Penguins identify Canucks' Kesler as top trade target
CHICAGO — The Penguins know which player they want to acquire before the NHL trade deadline Wednesday.
Vancouver center Ryan Kesler is being pursued aggressively by Penguins general manager Ray Shero, multiple sources told the Tribune-Review on Saturday.
A proposed deal would send Kesler to the Penguins in exchange for center Brandon Sutter, two 2014 draft picks — likely a first- and third-round — and the Canucks' choice of defensemen Simon Despres or Brian Dumoulin, the sources said.
It is possible the deal could involve another Canucks and Penguins player, but Shero was looking only to acquire Kesler, the sources said.
The trade deadline is 3 p.m. Wednesday.
Shero has made at least one move in the month advancing or at the deadline in six of seven previous seasons. Last season he acquired wingers Jarome Iginla, Brenden Morrow and Jussi Jokinen and defenseman Douglas Murray before the trade deadline.
Only Jokinen remains. Shero would prefer not to add players on expiring contracts before this year's deadline, the sources said.
Shero first inquired with Vancouver about Kesler in January prior to defenseman Kris Letang's stroke, the sources said. The Canucks since have heavily scouted Despres, a 2009 first-round pick, the sources said.
Though Kesler could play as the top-line right winger this season, the Penguins' long-term interest in him is because they seek a return to the big-three center format that helped them reach the 2008 Stanley Cup Final and win the Cup in 2009, the sources said.
Then, the Penguins won seven of eight playoff series, in part, by deploying a third line centered by Jordan Staal against the opposition's top offensive players. Staal also scored pivotal goals in victorious Games 4 and 6 of the 2009 Cup Final.
Staal was traded at the 2012 NHL Entry Draft for a package that included Sutter, Dumoulin and Carolina's first-round pick, which the Penguins used on defenseman Derrick Pouliot.
The Penguins used their original first-round pick on defenseman Olli Maatta, who has emerged as top rookie candidate this season.
Despite Maatta's progress, the Penguins do not view Pouliot as expendable, the sources said. Also, the Penguins are hesitant to trade defenseman Scott Harrington, their second-round pick in 2011, the sources said.
The Penguins would try to acquire Kesler in the offseason if he stays with Vancouver past the deadline, the sources said. However, the Penguins want to get Kesler now so they can have him for three postseason runs.
The Penguins view the Eastern Conference to be at its weakest since 2008 and believe Kesler could be the missing piece for a return to the Cup Final. Specifically, the Penguins believe he would help against the Boston Bruins, the sources said.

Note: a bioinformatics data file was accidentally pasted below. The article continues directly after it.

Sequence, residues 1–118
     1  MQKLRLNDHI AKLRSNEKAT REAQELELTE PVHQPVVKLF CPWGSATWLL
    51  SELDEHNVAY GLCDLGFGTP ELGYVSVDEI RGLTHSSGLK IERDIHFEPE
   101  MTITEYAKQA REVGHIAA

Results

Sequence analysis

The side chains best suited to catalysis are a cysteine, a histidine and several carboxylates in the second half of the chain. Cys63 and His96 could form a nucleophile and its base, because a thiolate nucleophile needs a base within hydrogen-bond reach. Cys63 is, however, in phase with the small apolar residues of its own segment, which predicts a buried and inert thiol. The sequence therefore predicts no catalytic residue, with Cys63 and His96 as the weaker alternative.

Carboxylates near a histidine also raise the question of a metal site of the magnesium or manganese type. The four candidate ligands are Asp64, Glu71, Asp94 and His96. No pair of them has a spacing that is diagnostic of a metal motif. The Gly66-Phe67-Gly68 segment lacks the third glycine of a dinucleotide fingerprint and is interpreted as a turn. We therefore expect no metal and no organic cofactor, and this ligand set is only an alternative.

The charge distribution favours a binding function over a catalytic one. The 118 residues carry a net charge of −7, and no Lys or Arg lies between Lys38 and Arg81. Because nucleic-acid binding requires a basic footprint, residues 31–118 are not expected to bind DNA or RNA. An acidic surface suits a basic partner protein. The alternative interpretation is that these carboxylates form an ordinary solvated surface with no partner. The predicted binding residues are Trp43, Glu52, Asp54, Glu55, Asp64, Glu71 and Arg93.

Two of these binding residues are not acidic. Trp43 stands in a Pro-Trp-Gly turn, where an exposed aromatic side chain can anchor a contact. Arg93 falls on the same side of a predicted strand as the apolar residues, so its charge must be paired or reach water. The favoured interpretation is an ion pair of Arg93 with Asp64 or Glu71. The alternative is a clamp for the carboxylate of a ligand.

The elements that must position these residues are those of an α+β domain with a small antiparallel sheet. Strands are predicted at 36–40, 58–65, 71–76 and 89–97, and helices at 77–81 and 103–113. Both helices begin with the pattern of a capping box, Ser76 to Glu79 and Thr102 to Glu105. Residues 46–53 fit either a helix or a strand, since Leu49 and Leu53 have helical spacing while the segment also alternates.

Boston swept the Penguins from the Eastern Conference final last season.
Kesler, 29, is first among NHL forwards in average ice time (22 minutes and 12 seconds), and he averages 2:05 short-handed.
Shero and coach Dan Bylsma took a long look at Kesler during the Winter Olympics. He played for Team USA, which was coached by Bylsma.
In a semifinal loss to Canada, Bylsma used Kesler against Penguins captain Sidney Crosby, who was held without a point in that game.
Kesler, who finished the Olympics playing with a broken hand, impressed Bylsma with his snarly on-ice disposition — and Shero had sought to infuse the Penguins with a shot of nastiness coming into this season, the sources said.
Shero also wants to upgrade the Penguins' scoring depth. Five first- or second-line forwards had combined to score 111 of the Penguins' 187 goals — or 59.4 percent.
Kesler has scored 21 goals and produced 39 points in 61 games for the Canucks, who are looking to rebuild after failing to win a playoff series since losing a home Game 7 of the 2011 Cup Final.
Kesler has a no-trade clause, but the Penguins are atop his list of preferred destinations because he wants to play for a Cup contender and grew to respect Bylsma, assistant coach Tony Granato and Shero during the Olympics, the sources said.
Kesler, who has publicly denied his reported request for a trade, wants next to play for a U.S.-based team in the Eastern time zone — though he is intrigued by possibly joining Chicago, which has emerged as the Penguins' challenger for his services, the sources said.
Aside from the Penguins and Blackhawks, Kesler also would accept trades to Philadelphia and Detroit, the sources said.
The Penguins can afford to fit Kesler's $5 million average annual salary under the $64.3 million salary cap. They will have extra room because Letang ($3.5 million) and right winger Pascal Dupuis ($3.75 million) could come off their cap by being placed on the long-term injury list.
Dupuis (ACL surgery) is out for the season. Letang will be re-evaluated in three weeks, but he is not projected to play again until next season.